Speaking of RSS readers, I’ve just found (through Scripting News) that there is an Olympics website on twitter (it sucks too). Dave made a River for some Olympics related newsfeeds that show the power of using RSS the right way. If you’re a sports fan take a look at it (http://olympics.newsriver.org/).
The only problem (for companies) of these aggregations, is that many times the mashed up versions are better than those produced in house. Aggregation gives you better and faster information (the lemma shit in shit out still applies). Many companies have tried to give you an easy way to make your own rivers (yahoo pipes comes to mind), but few services lived to the promise.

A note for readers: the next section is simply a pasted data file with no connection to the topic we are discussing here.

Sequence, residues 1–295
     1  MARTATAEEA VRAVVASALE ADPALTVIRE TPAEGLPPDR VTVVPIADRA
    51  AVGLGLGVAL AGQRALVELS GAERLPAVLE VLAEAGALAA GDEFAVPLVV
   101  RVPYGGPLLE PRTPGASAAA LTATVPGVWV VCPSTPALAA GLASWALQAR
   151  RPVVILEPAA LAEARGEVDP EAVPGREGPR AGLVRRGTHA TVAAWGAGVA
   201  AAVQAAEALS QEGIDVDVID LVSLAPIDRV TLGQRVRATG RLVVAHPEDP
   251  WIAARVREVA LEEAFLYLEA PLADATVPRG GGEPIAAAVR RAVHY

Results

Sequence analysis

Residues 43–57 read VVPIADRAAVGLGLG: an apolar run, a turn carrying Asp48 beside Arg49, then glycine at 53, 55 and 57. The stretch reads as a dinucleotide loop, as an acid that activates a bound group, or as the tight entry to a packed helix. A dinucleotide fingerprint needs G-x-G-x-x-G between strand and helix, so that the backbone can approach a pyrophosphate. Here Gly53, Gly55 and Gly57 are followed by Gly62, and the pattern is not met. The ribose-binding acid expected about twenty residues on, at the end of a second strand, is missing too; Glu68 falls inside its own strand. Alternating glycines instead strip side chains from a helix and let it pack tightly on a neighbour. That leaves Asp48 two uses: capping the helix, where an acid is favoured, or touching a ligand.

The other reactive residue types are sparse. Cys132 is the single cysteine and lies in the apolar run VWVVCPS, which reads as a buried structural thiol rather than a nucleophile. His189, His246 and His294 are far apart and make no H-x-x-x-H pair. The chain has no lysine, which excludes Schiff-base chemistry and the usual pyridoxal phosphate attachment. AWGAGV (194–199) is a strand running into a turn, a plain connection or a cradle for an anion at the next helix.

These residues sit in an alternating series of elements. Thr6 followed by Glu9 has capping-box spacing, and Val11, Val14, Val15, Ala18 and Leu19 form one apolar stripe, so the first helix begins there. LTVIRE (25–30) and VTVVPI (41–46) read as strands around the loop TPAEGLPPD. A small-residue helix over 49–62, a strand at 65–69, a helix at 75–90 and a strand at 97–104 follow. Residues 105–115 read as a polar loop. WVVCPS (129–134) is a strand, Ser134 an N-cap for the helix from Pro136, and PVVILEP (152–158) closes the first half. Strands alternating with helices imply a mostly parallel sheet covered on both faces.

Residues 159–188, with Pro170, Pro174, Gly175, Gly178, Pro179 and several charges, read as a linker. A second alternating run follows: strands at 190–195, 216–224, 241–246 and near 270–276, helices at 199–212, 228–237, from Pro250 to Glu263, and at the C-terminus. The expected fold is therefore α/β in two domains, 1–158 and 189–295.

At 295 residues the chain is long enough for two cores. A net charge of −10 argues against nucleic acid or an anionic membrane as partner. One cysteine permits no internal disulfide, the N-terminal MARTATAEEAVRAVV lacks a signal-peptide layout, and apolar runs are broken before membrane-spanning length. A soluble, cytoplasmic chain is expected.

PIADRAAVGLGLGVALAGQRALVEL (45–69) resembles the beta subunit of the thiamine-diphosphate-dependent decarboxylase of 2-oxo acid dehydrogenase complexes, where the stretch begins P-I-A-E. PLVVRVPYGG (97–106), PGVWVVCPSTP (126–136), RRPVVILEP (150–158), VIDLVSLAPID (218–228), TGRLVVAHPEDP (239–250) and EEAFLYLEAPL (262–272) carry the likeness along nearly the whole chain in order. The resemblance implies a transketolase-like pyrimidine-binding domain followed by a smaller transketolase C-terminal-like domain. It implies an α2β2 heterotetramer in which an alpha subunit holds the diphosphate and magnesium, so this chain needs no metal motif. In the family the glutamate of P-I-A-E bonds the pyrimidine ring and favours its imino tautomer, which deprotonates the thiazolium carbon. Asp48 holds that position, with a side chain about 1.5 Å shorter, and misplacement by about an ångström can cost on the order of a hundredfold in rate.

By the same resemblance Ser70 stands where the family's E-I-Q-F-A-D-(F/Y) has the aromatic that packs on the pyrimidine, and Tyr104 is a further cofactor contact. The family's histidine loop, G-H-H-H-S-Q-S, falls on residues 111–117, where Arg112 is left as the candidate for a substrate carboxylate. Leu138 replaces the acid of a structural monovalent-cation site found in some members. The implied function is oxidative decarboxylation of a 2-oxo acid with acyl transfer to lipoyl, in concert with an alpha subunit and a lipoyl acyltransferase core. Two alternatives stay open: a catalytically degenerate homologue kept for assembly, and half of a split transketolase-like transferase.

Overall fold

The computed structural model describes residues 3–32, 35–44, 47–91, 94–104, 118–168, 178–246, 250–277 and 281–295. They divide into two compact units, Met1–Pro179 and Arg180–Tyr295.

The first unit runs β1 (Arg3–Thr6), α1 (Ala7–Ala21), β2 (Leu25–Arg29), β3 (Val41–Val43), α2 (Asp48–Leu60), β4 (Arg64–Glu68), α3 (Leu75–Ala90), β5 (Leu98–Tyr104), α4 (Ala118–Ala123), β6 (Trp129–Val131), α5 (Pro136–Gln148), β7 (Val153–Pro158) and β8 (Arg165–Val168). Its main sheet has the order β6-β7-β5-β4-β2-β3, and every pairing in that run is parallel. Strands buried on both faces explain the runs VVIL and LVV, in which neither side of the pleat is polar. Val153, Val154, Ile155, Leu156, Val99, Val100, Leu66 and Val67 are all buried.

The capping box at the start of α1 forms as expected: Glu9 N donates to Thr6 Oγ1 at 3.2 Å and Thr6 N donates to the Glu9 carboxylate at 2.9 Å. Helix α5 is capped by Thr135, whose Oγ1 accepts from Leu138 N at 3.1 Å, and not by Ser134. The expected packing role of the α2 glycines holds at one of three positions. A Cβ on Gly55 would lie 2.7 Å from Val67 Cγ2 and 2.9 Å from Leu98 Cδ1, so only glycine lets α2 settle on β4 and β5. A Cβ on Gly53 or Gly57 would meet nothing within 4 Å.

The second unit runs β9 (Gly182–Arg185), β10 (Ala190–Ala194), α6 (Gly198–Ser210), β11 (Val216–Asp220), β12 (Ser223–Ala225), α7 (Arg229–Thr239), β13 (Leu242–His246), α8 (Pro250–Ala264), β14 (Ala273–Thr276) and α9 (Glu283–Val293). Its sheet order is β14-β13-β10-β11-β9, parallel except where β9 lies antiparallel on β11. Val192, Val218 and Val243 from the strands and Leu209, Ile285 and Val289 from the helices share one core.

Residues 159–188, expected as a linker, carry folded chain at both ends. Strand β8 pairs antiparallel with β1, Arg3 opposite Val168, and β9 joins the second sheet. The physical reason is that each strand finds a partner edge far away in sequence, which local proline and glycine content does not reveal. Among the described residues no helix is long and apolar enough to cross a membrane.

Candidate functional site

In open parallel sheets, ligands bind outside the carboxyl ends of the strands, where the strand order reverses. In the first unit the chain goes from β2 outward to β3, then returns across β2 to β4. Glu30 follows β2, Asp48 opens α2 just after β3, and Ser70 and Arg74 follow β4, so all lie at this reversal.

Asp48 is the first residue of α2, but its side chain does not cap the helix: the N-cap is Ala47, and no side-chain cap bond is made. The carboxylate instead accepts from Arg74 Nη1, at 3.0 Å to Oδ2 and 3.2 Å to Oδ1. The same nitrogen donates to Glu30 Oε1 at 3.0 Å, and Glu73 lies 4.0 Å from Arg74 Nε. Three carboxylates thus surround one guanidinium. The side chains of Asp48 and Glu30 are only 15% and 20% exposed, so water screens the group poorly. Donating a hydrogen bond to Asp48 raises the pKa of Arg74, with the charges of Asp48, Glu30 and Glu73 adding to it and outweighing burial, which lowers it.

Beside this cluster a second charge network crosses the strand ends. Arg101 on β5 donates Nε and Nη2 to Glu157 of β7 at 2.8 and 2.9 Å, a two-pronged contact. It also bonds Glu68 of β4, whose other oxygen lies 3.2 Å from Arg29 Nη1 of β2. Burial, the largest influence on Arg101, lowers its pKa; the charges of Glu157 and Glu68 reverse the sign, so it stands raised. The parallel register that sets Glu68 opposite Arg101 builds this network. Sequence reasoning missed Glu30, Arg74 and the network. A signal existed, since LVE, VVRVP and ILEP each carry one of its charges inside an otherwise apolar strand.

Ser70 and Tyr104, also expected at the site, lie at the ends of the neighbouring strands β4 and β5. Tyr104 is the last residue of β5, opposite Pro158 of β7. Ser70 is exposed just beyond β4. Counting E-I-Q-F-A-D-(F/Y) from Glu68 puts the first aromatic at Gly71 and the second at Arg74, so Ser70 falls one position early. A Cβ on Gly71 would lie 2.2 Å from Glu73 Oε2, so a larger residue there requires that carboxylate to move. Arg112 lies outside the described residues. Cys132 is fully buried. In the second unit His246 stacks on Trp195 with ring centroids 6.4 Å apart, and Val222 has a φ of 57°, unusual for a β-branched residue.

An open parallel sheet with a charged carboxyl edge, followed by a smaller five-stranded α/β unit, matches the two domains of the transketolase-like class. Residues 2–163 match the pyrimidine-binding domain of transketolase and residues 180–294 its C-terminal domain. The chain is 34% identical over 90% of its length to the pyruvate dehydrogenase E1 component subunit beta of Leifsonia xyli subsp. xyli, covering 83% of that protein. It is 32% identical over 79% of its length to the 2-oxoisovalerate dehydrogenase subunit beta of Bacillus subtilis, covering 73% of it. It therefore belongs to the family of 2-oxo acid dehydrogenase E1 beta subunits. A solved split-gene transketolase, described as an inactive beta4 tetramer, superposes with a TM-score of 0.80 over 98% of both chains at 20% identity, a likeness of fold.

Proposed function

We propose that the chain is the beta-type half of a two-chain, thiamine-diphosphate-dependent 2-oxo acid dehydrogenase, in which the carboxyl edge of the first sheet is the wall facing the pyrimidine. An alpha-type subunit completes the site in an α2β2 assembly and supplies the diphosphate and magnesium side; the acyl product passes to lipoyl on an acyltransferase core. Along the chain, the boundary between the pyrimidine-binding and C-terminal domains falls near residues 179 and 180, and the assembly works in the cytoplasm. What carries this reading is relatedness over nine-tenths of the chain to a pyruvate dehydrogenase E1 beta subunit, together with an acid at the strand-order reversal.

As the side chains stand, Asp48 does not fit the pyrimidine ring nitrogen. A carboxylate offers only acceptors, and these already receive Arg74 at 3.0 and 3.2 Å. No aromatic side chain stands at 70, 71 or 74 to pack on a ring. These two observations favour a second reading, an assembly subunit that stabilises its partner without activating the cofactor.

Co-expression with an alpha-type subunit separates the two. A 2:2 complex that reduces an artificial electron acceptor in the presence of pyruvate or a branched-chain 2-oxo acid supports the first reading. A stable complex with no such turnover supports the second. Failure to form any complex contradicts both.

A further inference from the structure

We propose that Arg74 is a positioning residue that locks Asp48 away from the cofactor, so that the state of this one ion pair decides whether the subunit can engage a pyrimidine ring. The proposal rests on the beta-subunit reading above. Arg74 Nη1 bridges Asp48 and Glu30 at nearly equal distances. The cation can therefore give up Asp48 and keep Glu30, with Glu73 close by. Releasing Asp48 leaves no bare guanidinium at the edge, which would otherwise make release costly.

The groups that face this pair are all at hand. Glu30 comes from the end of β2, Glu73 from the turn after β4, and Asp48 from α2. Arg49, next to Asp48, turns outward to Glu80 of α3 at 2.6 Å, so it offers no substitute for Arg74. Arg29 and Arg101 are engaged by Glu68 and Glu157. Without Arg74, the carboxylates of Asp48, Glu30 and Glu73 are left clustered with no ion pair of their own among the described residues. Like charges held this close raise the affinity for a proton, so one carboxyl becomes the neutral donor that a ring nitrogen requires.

Many users converted themselves to using a RSS reader but that isn’t the same thing as automated content curation. Others found curator services like scoop.it or pinterest useful, but both aren’t automated. It seams that there’s no middle term (yet) between these two extremes. Something that is automated as in RSS fetching and has the selectivity of manually curated content. Obviously this is a challenge for machine learning researchers. Maybe RSS feeds can be used as input corpora and then some kind of algorithm will be able to do the curator part to produce results for rivers that make it interesting.
Unfortunately I don’t think that we’ve seen many services that are good enough for widespread adoption. This means that we end up relying on personal hacked versions that never get published beyond our Git repositories.